Does Head Start Make a Difference?
AbstractAlthough there is a broad hi-partisan support for Head Start, the evidence of positive longterm effects of the program is not overwhelming. Using data from the National Longitudinal Survey's Child-Mother file, we examine the impact of the program on a range of child outcomes. We compare non-parametric estimates of program effects with estimates from parametric models that control for selection by including mother fixed effects. This comparison suggests that studies that ignore selection can be substantially misleading; it also suggests that the impact of selection differs considerably across racial and ethnic groups. After controlling for selection, we find positive and persistent effects of participation in Head Start on the test scores of white and Hispanic children. These children are also less likely to have repeated a grade. We find no effects on the test scores or schooling attainment of African-American children. White children who attend Head Start are more likely to receive a measles shot, while African-American enrollees receive measles shots at an earlier age. African-American children who attend Head Start are also taller than their siblings. In a sample of the children's mothers, we find evidence that whites who attended Head Start as children are taller and have higher AFQT scores than their siblings who did not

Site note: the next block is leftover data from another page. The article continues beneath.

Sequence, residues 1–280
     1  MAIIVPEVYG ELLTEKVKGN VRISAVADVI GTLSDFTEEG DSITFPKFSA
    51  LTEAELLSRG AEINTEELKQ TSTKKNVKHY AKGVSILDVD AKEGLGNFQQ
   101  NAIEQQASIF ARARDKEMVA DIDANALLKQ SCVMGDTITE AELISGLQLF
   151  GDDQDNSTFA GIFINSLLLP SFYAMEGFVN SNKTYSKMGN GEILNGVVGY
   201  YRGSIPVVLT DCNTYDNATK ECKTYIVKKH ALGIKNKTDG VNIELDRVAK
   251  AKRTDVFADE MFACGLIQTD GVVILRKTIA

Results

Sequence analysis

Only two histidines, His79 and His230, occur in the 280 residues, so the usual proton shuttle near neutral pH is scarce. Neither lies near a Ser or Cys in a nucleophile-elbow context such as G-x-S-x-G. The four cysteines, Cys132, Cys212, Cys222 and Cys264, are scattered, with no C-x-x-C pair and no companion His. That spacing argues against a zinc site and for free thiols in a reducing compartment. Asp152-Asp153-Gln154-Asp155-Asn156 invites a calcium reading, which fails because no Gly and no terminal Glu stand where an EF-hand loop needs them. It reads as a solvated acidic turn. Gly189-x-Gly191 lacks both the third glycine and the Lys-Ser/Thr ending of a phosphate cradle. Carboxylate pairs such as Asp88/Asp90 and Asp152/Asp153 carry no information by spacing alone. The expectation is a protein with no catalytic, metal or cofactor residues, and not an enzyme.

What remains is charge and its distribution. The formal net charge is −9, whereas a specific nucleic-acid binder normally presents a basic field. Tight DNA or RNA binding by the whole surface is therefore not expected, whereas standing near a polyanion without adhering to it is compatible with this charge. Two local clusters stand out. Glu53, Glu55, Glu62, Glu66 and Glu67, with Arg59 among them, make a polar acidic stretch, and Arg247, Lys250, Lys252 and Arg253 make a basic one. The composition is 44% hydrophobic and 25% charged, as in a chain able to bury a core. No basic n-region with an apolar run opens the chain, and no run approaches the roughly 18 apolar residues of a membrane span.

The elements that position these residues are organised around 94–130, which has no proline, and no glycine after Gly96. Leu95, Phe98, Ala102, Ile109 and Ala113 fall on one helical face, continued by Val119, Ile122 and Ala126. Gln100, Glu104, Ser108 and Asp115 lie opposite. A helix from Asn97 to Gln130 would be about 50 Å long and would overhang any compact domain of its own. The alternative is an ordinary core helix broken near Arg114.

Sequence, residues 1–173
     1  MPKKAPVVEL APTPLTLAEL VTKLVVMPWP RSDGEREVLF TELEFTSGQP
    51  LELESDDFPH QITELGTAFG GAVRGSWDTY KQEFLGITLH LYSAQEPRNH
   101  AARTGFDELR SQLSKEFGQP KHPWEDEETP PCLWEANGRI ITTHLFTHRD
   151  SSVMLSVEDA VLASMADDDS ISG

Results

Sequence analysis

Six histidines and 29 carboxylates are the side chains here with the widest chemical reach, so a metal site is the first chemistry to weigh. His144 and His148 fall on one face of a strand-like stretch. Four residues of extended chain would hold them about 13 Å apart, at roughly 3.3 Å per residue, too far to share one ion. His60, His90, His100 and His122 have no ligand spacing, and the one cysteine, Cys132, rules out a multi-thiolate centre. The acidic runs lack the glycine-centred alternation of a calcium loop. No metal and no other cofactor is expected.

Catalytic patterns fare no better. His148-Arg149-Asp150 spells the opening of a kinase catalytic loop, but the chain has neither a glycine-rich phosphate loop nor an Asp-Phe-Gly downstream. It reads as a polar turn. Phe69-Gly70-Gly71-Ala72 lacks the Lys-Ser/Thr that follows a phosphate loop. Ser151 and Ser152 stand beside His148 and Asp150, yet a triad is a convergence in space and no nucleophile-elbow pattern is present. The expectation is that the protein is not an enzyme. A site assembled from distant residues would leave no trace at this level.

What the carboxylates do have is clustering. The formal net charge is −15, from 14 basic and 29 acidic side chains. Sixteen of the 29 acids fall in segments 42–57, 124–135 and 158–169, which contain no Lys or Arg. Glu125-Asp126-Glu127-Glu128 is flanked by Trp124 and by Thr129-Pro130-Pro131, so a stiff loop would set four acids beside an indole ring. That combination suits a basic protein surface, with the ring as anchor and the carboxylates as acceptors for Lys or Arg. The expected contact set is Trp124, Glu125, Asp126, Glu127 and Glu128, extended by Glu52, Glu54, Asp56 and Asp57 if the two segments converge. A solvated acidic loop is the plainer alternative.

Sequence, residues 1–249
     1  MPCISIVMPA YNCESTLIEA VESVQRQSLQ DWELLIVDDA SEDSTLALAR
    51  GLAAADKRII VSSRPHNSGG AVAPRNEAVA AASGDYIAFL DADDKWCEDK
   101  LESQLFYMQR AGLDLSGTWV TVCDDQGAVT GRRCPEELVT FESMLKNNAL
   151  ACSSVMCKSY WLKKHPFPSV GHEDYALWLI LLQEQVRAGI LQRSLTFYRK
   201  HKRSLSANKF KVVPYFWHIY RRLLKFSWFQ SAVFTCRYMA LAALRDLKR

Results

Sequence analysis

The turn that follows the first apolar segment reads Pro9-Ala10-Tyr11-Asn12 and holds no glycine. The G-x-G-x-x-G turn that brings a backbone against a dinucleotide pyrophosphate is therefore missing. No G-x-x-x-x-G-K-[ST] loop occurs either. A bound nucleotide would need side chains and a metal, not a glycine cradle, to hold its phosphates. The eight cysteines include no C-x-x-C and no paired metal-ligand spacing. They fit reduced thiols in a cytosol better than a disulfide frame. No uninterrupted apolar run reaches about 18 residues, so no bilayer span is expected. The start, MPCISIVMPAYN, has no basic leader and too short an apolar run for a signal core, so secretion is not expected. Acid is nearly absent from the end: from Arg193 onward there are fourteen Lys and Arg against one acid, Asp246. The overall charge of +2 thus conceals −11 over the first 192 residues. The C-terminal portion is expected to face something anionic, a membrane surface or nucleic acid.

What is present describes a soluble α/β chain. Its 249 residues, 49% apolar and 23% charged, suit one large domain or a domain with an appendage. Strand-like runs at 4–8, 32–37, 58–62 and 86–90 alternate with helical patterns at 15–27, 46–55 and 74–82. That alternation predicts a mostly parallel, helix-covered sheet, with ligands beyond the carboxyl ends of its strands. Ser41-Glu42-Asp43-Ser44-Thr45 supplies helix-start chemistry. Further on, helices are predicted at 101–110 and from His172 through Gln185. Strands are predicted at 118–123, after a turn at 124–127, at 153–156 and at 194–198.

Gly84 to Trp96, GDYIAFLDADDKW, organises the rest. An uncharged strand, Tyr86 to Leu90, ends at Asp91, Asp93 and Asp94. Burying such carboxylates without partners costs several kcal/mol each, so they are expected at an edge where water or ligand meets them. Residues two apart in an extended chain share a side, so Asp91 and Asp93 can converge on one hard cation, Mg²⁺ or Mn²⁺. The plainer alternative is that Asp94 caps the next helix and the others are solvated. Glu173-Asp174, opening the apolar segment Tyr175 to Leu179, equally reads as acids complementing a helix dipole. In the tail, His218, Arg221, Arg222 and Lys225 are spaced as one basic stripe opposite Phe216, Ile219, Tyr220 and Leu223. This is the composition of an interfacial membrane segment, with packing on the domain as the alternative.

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Bibliographic InfoPaper provided by Yale - Economic Growth Center in its series Papers with number 694.
Length: 45 pages
Date of creation: 1993
Date of revision:
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children ; social services;
Other versions of this item:
- I38 - Health, Education, and Welfare - - Welfare, Well-Being, and Poverty - - - Government Programs; Provision and Effects of Welfare Programs
Please report citation or reference errors to , or , if you are the registered author of the cited work, log in to your RePEc Author Service profile, click on "citations" and make appropriate adjustments.:
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- Nelson, C. & Startz, R., 1988. "The Distribution Of The Instrumental Variables Estimator And Its T-Ratio When The Instrument Is A Poor One," Working Papers 88-07, University of Washington, Department of Economics.
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